• Translations do not need to be footnoted.
      • Refer to them using the abbreviations found in your syllabus.  For example, the NRSV says, while the NIV says
      • The Good News Bible/Today's English Version (TEV)
      • The Holman Christian Standard (HCS)
      • The Jewish Study Bible (JSB)
      • The King James Version (KJV)
      • The New English Bible (NEB)
      • The New King James Version (NKJV)
      • The New International Version (NIV)
      • The New Jerusalem Bible (NJB)
      • The New Revised Standard Version (NRSV)

 

  • All of this work has to be done at the library--plan accordingly.
  • Spend some time writing and brainstorming on synonyms
    • not every word you think of is going to be in a dictionary, but the more words you think of the better your chances of identifying key concepts to look for in the dictionaries
  • This work is "cyclical" which means that one thing often leads to another.  For example,
    • reading a translation leads you to words you either don't know or aren't sure of their context and these words taken you to a dictionary, where you might find more words
    • reading the commentary leads you back to the translation to see if the same phrase is used in more than one translation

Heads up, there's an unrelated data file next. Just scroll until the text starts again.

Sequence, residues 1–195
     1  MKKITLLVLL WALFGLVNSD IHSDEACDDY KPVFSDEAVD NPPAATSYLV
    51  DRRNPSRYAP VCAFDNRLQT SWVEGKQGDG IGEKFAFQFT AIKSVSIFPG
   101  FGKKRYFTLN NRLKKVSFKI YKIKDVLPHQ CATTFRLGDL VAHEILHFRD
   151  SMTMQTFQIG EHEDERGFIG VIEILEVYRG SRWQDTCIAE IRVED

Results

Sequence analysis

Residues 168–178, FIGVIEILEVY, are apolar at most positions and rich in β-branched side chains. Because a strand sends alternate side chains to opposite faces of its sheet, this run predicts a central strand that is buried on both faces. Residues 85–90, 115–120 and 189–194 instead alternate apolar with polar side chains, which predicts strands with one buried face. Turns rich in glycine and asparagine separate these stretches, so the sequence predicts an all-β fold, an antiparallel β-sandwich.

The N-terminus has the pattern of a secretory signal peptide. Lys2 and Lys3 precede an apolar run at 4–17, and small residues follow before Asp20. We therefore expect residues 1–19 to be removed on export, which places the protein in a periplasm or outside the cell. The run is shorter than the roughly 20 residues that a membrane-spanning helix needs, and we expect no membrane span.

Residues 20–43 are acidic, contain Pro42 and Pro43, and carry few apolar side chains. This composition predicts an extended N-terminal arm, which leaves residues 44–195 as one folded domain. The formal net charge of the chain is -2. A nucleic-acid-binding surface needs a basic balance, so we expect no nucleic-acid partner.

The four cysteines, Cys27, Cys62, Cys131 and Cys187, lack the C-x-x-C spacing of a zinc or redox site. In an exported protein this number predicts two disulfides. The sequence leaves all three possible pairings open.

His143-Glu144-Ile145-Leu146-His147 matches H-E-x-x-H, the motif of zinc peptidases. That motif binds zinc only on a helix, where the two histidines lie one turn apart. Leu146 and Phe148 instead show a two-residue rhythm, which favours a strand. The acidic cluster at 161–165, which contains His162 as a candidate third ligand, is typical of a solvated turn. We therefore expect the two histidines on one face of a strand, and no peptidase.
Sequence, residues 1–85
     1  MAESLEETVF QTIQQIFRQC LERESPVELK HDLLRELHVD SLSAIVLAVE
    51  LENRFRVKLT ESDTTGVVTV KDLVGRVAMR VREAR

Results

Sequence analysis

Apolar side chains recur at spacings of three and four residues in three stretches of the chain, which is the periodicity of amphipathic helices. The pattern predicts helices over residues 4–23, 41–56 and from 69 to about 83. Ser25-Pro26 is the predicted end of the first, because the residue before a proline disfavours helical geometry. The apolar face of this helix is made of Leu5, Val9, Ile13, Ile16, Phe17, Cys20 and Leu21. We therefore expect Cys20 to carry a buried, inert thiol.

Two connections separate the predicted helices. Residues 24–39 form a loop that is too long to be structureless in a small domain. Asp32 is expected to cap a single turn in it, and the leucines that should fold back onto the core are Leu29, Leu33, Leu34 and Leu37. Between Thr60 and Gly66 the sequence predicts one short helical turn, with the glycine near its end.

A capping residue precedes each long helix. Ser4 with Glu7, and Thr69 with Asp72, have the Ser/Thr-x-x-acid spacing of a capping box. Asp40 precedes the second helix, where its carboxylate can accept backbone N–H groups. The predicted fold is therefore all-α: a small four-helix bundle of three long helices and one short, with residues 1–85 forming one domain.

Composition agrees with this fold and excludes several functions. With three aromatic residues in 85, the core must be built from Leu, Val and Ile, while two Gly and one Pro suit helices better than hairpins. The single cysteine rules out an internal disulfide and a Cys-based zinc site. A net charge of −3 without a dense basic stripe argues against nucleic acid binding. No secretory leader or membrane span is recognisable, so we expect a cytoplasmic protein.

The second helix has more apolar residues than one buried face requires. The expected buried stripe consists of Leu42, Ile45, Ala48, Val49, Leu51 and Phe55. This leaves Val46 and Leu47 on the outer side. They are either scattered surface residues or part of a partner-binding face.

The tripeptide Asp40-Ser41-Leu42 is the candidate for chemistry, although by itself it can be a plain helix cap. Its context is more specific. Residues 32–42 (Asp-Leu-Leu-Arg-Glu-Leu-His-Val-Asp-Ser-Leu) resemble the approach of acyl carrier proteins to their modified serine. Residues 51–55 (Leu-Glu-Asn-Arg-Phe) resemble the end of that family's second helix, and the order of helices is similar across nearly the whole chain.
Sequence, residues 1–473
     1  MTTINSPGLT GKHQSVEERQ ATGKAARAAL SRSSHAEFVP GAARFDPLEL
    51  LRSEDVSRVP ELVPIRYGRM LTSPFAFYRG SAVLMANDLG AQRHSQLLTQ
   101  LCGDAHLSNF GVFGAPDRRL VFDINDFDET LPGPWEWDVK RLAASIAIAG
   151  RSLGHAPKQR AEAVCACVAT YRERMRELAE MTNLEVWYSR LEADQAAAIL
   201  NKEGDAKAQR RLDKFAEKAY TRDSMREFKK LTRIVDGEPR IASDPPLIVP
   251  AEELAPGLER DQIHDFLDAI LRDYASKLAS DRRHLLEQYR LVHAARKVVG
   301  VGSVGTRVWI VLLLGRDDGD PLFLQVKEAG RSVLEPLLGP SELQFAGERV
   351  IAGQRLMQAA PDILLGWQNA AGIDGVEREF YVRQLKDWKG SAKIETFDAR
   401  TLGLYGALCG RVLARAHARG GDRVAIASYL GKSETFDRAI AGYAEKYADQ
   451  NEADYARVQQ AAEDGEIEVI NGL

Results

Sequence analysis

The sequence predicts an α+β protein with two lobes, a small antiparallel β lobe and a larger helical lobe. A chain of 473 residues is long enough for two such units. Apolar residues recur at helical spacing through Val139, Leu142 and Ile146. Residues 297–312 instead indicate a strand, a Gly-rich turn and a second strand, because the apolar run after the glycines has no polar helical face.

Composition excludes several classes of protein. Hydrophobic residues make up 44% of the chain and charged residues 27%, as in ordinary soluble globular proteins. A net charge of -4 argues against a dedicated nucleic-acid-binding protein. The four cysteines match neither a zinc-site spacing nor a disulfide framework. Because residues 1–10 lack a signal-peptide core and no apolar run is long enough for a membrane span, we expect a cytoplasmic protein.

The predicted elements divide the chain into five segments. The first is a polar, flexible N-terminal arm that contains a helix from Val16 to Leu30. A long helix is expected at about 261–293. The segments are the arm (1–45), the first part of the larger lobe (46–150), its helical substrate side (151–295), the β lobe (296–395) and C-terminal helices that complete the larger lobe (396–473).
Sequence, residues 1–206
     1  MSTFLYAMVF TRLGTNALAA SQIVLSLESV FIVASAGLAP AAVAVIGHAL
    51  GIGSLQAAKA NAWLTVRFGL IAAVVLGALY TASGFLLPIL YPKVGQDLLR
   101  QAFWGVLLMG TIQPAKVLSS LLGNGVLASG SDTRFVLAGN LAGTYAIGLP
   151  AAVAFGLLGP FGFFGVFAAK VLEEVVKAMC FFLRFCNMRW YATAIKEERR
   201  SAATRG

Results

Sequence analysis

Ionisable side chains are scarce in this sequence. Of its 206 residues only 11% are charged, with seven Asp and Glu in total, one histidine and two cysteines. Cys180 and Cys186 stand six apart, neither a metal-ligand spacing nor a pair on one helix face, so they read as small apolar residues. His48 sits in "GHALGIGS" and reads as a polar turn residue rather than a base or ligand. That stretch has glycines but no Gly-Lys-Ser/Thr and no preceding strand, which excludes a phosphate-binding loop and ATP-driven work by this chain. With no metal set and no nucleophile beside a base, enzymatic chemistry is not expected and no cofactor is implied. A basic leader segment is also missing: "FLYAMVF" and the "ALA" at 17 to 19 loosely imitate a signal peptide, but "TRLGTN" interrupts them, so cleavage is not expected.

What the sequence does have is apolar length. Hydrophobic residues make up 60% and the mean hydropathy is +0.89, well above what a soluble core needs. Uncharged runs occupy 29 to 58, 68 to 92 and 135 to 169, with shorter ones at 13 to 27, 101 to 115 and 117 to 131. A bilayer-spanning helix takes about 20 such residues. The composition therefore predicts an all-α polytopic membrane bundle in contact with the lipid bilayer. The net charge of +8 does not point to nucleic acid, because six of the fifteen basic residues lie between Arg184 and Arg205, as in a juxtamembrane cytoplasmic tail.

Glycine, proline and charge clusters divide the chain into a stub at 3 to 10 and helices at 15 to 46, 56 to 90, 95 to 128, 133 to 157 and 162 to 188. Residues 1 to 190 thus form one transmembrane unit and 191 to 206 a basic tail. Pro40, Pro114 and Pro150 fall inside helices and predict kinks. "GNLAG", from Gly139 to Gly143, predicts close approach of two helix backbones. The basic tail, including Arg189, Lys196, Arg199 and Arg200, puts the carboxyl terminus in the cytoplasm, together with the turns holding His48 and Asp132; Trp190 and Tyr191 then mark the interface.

• reading the commentary may take you back to the dictionary and vice versa
  • Commentaries and dictionaries may not always agree on some issues like when a text was written.  Consider how you should negotiate these differences.  At the very least, you should note the differences and state that scholars disagree.  An even better approach is to take a side and explain your reasoning.

  • This is going to take time, so don't put it off until the last minute.
    • Your 2-3 page paper on this is due February 17.
  • Read the text, read the text, read the text ... familiarity can bring understanding.
  • Look up familiar words or phrases to make sure you are capturing the sense of the term in context.
  • Be sure to use only the sources listed in the syllabus--you may be tempted to use other sources (we have lots of them!), but for this assignment stick to the approved list in your syllabus.
  • Please don't re-shelve (or hide!) the sources.  Theresa will monitor the area and try to keep the items in order on the reference shelves.
  • Remember that many of your commentaries have been pulled and placed on reserve.
  • search from the Reserves tab in the upper left-hand of the University Libraries website
  • search for professor (Lewis, Paul)

  • make sure you find the W22 section to locate your commentaries

 

Jack Tarver Library also offers assistance, including:

  • Ask Jack/Research Services available in person, by phone, via IM or texting
  • Individual consultation with Theresa Rhodes, Christianity Subject Librarian.
    • It is better to ask for help sooner rather than later.